The recent decision by the Islamic university al-Azhar in Egypt to freeze its participation in inter-faith dialogue with the Vatican may do more to advance Catholic-Muslim dialogue than the al-Azhar/Vatican partnership could ever have achieved.

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The “Mormon Menace”

Nineteenth-century America saw a nationwide campaign to tame the “Mormon menace.” Promoted by an alliance of religious and secular individuals, institutions, and ideals, it even led President Rutherford B. Hayes to recommend stripping Mormons of their citizenship. Although Contending Modernities will focus primarily on Mormonism’s fellow subjects of modern opprobrium—Islam and Catholicism—it is important to consider such other “shadow cases” as we examine the complex dynamics of religion in modernity. The deep pluralism characteristic of the modern age has posed, and will continue to pose, a substantial challenge to the largely Euro-American-Protestant construct of secularism that dominated much of the nineteenth and twentieth centuries.

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Egypt’s Sad Entrance into 2011

I returned to Egypt for a visit, as I often do around this time. On New Year’s Eve my husband and I were wandering in the nearly empty streets of our Cairo neighborhood looking for a cyber café as our internet was down. When I saw two men pass by briskly carrying three huge boxes of pastries I thought of the merriment that was unfolding in houses, clubs, and restaurants and of the shouts of joy that would resound at the stroke of midnight. Within hours, though, all hell broke out at a large Coptic church in the heart of Alexandria—ending twenty-one innocent lives and shattering peace and hope throughout the country.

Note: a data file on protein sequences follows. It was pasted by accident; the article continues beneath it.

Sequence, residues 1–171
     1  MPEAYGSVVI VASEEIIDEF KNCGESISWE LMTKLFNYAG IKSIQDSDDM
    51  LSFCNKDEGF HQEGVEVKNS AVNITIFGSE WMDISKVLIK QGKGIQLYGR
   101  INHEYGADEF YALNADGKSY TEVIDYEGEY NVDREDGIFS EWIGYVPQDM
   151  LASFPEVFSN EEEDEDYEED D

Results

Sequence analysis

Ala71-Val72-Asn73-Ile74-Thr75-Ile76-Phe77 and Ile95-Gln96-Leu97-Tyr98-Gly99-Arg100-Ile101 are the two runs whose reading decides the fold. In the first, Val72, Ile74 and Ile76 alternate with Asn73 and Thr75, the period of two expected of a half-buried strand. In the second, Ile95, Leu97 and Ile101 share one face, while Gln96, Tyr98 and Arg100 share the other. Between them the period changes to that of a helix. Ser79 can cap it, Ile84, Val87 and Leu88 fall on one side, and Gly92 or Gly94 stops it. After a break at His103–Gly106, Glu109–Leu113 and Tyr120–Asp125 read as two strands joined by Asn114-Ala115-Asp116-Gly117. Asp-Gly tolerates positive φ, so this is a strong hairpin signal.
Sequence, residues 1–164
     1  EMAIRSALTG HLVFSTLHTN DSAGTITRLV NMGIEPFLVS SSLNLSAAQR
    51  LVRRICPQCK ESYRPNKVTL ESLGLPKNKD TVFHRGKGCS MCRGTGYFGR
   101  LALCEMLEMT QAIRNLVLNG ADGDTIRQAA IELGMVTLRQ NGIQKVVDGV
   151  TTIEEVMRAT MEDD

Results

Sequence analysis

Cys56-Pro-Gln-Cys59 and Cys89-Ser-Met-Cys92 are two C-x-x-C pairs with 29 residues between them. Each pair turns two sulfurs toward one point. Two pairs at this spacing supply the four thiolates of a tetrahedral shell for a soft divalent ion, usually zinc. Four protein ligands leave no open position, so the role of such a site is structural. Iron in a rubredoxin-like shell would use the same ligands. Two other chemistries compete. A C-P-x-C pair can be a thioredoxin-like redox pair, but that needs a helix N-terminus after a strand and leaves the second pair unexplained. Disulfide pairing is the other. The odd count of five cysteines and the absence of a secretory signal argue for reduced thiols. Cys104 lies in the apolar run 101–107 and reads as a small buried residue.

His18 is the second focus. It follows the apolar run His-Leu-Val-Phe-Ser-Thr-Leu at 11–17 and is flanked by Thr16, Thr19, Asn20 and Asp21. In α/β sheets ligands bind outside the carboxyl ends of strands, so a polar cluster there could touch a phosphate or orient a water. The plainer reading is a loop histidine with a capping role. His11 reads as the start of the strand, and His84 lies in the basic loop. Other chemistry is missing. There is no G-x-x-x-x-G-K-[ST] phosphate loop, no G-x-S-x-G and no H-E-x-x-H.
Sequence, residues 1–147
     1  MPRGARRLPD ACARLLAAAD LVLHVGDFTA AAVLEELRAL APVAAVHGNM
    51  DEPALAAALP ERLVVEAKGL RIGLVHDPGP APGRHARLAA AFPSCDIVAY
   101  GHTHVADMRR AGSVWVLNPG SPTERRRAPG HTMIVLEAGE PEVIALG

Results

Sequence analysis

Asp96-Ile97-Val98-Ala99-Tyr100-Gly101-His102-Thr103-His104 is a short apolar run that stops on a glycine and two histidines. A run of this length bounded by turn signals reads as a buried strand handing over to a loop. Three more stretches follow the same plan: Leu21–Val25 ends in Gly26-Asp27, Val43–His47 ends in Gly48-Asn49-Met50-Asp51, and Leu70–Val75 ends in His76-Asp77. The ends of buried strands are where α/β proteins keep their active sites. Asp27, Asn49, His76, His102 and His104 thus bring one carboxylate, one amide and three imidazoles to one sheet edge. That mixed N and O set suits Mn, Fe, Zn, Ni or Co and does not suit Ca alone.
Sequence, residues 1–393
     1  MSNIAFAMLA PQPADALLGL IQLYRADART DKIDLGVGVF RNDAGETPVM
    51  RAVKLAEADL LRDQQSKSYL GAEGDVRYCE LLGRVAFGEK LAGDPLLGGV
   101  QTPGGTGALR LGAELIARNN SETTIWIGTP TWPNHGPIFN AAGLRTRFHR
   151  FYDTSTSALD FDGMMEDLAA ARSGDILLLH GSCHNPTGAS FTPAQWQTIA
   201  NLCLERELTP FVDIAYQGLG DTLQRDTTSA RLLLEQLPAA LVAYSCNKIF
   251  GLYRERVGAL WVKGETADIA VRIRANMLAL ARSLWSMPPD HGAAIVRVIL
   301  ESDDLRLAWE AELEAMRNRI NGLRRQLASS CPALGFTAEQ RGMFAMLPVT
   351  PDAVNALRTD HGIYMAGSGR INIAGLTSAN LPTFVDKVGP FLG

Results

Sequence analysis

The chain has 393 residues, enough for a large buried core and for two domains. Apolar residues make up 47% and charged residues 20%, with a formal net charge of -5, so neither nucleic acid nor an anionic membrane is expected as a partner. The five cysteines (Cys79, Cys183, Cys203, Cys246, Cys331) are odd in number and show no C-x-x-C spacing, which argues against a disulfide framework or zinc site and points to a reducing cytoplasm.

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On the New Year’s Day Church Bombing in Egypt

Terrorism cannot be the outcome of any proper understanding of religion. It is rather a manifestation of the immorality of people with cruel hearts, arrogant souls, and warped logic. It is thus with great sadness and outrage that we witness the emergence of this disease in our nation with the recent bombing outside a church in Alexandria that killed tens of Egyptian citizens. There is no doubt that such barbarism needs to be denounced in the strongest of terms, and opposed at every turn. We demand that the perpetrators be brought to justice and stand trial.

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Orsi Contra Ecclesiam

In Citizens, Simon Schama’s narration of the French Revolution, he describes the revolutionary government’s suppression of the popular rebellion in the Vendée. Far more than a military maneuver, he recounts, the operation sought “the wholesale destruction of an entire region of France.” In a “sinister anticipation of the technological killings of the twentieth century,” the revolution’s armies exterminated women, children, entire villages, and ultimately some one third of the inhabitants of the region. Among the massacres’ chief targets was the Catholic Church….